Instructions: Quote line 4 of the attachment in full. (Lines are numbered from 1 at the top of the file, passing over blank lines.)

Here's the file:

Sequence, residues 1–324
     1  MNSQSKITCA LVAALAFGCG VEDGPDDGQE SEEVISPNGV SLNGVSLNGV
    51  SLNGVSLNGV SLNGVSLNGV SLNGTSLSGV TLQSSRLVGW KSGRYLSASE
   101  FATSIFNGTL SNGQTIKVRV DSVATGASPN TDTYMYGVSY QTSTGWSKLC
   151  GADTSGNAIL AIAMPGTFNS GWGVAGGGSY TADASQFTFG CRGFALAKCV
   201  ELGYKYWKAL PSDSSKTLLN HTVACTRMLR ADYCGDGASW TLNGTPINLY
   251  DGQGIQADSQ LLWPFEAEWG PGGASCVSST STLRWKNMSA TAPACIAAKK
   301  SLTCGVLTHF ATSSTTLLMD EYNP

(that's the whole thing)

   101  FATSIFNGTL SNGQTIKVRV DSVATGASPN TDTYMYGVSY QTSTGWSKLC